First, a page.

In order to effectively utilize the sensor nodes, some studies have selected a number of cover sets to provide coverage to some target sets. These studies organize the cover sets [7, 10] into disjoint or nondisjoint cover sets [11, 12]. The selection of such disjoint or nondisjoint cover sets is proved to be NP-complete problem [9, 11]. Disjoint or nondisjoint cover sets monitor the targets in a cooperative way. Compared to nondisjoint cover sets, disjoint cover sets are better at fault tolerance because all the cover sets have exclusive sensor nodes among their sets. Each cover set can alternatively work to maximize the network lifetime.

A number of studies have addressed the issue of target coverage; however, only fewer of them considered the disjoint target coverage based on minimum relay energy. In this article, our key focus is on the fault tolerant target coverage problem with minimum relay energy. We formulate the disjoint target coverage problem based on energy. This problem differs from the target coverage which is based on disjoint covering sets, since coverage ensures that the energy of each sensor from each of the disjoint sets is kept at minimum. We aim to select two disjoint covering sets with minimum to cover the targets; that is, each sensor has minimum energy. It is crucial to select sensor nodes which consume minimum energy to report an event to the sink node. Therefore, our primary objective is to maximize the network lifetime by selecting two disjoint covering sets with minimum overall energy. In order to fulfil both the fault tolerance and energy efficiency requirements, we propose an efficient approximation algorithm, Energy Efficient Maximum Disjoint Coverage (EMDC), with provable approximation bound. Our key contributions in this paper are summarized as follows:(i)We present a comprehensive comparison of well known target coverage, area coverage, and barrier coverage schemes.(ii)We formulate disjoint coverage problem with minimum energy.(iii)We propose an efficient bounded approximation algorithm, the EMDC, to the minimum energy coverage problem and present an appropriate theoretical analysis of the EMDC approximation ratio.(iv)We perform simulations under different scenarios to establish the effectiveness of EMDC.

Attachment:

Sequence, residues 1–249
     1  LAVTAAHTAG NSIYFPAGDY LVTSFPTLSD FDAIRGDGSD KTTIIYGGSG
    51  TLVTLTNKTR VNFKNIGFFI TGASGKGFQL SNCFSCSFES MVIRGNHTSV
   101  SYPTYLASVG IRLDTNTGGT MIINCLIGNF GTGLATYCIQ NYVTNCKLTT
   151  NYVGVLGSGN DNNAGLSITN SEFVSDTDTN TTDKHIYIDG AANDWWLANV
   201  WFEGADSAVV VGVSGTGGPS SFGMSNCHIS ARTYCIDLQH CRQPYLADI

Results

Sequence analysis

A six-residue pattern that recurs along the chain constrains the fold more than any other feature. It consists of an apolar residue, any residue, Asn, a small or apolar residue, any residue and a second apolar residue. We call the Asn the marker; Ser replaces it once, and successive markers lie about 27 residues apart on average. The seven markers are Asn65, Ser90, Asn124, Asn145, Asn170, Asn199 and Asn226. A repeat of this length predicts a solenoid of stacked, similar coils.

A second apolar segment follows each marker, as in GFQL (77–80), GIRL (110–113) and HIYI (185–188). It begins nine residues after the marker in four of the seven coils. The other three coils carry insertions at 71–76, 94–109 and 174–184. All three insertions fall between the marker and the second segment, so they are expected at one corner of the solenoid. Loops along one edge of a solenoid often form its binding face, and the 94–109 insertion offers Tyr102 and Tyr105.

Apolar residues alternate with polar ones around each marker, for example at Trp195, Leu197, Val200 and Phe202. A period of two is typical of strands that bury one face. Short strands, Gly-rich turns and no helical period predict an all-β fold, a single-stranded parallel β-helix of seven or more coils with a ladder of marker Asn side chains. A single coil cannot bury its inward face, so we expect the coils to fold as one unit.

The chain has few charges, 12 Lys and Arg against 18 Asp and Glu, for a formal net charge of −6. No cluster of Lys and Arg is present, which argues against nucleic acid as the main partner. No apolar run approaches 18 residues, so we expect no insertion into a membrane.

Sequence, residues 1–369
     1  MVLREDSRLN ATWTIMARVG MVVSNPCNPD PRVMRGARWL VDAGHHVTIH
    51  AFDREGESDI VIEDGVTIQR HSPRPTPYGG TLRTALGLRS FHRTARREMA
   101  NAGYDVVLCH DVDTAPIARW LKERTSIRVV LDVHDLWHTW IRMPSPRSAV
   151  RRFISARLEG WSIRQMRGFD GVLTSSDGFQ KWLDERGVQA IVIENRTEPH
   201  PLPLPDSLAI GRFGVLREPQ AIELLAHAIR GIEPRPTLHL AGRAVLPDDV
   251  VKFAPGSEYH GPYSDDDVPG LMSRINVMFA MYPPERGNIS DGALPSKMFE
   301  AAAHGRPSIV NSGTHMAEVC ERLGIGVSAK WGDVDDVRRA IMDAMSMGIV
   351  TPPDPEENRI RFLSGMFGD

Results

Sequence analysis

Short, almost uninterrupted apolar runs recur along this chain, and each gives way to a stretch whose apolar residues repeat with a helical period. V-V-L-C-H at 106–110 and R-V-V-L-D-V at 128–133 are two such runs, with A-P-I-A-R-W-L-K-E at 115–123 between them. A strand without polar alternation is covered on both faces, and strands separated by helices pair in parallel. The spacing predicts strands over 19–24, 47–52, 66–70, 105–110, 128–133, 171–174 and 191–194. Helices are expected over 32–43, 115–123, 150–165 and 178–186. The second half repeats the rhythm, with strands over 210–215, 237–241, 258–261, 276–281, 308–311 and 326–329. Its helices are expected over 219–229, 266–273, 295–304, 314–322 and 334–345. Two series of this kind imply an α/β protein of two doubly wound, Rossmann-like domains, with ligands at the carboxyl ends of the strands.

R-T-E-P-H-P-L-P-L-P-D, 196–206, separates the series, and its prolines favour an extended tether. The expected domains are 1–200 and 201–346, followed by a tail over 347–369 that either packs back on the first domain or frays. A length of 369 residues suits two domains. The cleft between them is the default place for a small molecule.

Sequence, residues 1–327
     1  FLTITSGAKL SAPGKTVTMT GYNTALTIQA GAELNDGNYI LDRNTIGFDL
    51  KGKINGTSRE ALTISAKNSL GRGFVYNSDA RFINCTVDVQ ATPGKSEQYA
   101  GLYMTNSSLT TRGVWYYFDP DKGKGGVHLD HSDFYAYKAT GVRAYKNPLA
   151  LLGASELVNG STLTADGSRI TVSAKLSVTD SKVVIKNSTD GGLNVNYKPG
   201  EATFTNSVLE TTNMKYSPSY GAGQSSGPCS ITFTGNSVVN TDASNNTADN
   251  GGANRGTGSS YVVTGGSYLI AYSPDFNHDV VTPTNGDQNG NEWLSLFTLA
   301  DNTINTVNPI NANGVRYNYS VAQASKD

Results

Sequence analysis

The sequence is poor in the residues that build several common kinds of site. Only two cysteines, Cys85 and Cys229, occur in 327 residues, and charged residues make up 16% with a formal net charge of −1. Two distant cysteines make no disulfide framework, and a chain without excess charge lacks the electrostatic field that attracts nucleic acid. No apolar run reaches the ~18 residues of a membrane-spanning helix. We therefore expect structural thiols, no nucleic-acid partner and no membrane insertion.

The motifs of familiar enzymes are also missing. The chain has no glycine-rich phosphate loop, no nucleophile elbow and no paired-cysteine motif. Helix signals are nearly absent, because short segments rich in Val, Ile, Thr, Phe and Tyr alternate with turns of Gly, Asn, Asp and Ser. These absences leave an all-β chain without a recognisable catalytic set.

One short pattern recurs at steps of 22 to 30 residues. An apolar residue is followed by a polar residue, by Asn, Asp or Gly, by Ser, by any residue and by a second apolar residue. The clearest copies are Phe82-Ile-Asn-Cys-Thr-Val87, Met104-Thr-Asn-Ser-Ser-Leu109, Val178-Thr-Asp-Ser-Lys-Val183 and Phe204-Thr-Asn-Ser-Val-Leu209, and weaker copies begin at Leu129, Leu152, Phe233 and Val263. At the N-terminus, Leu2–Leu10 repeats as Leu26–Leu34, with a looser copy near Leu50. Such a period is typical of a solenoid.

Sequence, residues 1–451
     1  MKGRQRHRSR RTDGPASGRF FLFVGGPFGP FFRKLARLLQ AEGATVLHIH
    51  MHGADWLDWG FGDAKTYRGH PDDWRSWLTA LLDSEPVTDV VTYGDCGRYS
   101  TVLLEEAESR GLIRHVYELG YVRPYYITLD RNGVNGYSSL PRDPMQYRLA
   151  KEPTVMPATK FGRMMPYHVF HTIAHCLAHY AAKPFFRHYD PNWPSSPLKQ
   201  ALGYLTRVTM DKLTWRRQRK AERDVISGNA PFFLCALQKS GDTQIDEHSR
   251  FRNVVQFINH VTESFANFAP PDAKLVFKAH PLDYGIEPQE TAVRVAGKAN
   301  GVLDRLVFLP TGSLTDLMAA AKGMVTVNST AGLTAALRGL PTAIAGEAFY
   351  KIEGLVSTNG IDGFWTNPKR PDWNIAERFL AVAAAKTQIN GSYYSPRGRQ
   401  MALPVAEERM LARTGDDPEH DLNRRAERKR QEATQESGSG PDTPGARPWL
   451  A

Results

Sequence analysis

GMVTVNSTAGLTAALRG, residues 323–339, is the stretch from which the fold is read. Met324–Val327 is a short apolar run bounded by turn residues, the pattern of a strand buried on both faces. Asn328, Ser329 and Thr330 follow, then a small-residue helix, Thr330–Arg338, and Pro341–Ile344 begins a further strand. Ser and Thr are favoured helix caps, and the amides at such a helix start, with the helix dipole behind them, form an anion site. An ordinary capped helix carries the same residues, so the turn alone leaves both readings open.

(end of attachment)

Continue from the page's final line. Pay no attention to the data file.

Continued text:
The remaining article is organized as follows: Section 2 gives a comprehensive background of the coverage and presents a comparison of different coverage schemes in WSNs. Section 3 summarizes the related work followed by the formulation of minimum energy disjoint coverage problem in Section 4. Section 5 presents EMDC algorithm design. Section 6 presents the theoretical analysis of EMDC. Section 7 presents the EMDC simulation results, and, finally, Section 8 concludes the paper.

2. Coverage in WSNs